That is an intervening variable in that comparison. While Europe has comparable rates of out of wedlock childbirths to the US, it has much lower rates of teenage childbirths by a factor of 4 or 5. That will have a huge impact on both child poverty and entrenched generational poverty.

Of course, Social Democrats might claim that their system results in lower teenage out of wedlock childbirths. But given that the rates have been rising in both the United States and Europe, that is a difficult claim to sustain. A better explanation comes from Tyler: “Europe has more homogeneous nations with more urbanization, higher levels of social cohesion, and a more even distribution of ability. ”

graeme April 4, 2007 at 3:51 pm

Well, in my earlier comment I did mention: “The cold war is over, who does Europe need protection from?” a flaw in the medium of blog comment threads I guess, those two thoughts got separated:P

So. after 1945, yes Europe was subsidized in its defense by America. I didn’t mean to dispute that, preventing America from being isolationist was one of the major goals of Canadian and European policy immediately after the war. But, like I said, history did start anew in one sense in 1945 as well, due to the advent of the nuclear age.

And now: the cold war is over, but nukes still exist, making great power wars highly unlikely. Since the soviet threat receded, Europe no longer is at risk, and so additional US defense spending does not constitute a subsidy, as Europe would still be quite safe if America slashed its defense spending.

I most certainly did not mean to imply that Europe was not threatened during the cold war…lol

Suvi April 4, 2007 at 4:12 pm

“What I’m saying is that there are far fewer BARRIERS to mobility than there are in most European countries. Whether you move up or not is up to you”

Methinks: the main barrier in the US appears to be general education, but even if this wrong, statistically one still stands less chance of improving one’s lot in the US than in almost any other western country.

You have done well, but imagine you had been born in a deprived area of the US with distressed schools. Then it might have been different.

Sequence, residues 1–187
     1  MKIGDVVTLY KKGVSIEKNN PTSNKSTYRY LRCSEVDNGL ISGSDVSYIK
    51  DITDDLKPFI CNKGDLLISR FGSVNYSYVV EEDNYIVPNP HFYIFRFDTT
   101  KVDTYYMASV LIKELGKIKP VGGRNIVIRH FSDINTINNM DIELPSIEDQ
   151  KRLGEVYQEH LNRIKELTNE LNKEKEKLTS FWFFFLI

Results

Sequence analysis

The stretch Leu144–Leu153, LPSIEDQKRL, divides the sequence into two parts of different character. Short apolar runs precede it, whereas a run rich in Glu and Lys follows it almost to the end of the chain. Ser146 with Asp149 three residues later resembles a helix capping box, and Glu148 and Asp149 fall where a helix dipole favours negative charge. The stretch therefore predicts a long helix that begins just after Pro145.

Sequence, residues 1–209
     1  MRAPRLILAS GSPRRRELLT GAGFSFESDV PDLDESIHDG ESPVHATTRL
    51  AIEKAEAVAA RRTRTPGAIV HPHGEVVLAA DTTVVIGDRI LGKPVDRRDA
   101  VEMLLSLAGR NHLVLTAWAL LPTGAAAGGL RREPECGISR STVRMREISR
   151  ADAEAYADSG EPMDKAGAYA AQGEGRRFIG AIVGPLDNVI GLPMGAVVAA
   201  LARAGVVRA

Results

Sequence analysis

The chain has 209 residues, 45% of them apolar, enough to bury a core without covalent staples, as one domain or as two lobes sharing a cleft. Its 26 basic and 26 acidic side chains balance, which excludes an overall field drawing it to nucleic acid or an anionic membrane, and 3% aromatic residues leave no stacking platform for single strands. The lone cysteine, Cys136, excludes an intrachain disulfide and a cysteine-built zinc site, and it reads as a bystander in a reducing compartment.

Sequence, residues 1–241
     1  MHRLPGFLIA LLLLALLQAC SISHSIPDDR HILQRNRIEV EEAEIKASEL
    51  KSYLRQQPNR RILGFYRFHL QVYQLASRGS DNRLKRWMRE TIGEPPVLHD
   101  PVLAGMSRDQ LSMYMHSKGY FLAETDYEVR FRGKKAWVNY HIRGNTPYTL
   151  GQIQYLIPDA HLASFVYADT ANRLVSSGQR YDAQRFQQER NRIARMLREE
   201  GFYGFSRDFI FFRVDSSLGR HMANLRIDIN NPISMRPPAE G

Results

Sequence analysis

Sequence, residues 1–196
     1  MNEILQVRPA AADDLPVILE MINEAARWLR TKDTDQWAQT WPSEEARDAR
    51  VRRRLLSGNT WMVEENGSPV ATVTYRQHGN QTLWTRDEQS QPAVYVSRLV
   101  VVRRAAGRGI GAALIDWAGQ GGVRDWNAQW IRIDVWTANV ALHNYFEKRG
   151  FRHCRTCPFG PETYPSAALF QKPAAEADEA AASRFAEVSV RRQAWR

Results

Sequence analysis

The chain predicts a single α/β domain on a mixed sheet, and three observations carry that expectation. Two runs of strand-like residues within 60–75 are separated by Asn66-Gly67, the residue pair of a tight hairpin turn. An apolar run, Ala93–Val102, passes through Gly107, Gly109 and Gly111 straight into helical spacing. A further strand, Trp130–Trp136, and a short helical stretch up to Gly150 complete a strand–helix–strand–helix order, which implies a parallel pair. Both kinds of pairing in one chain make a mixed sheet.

Steve Sailer April 4, 2007 at 4:19 pm

Thanks. That’s exactly what I’ve been saying for about five years. Why have so few come out and said what Tyler and I say? One huge underlying driver of the differences between the two, the elephant in the living room of discussions of America vs. Europe that everybody gingerly tries to avoid talking, about is r-a-c-e.

Justin April 4, 2007 at 4:22 pm

What about the SAT?

The SAT is make or break if you want to go to an Ivy League. But a low SAT will not stop you from going to the less prestigious state schools. But in many European countries, low test scores means that you simply cannot go to college.

Methinks April 4, 2007 at 5:20 pm

Oh, we left Western Europe because of the lack of Opportunity, Suvi. Also, the racism and extreme ethnocentricity.

You keep ignoring the immigration difference, by the way.

also, when are economists going to learn that there’s no free lunch?

There’s no such thing as “free education”. Or “free health care”, for that matter. C’mon, people.

Dave Meleney April 4, 2007 at 9:23 pm

State government here in Colorado seems far superior to that in Georgia or California. Any experience with the Department of Motor Vehicles, for example … is dramatically different. But we seem to have less of state government here….how can that be?

Suvi April 4, 2007 at 11:22 pm

The United States spends more money on education than Europe

Does this mean they are better educated?

Tino April 5, 2007 at 3:36 am

“The United States spends more money on education than Europe

Does this mean they are better educated?”

Duh. Of course Americans are better educated than Europeans. Refer to the OECD for this. The fact that people even question this says a lot about the power of stereotype over facts.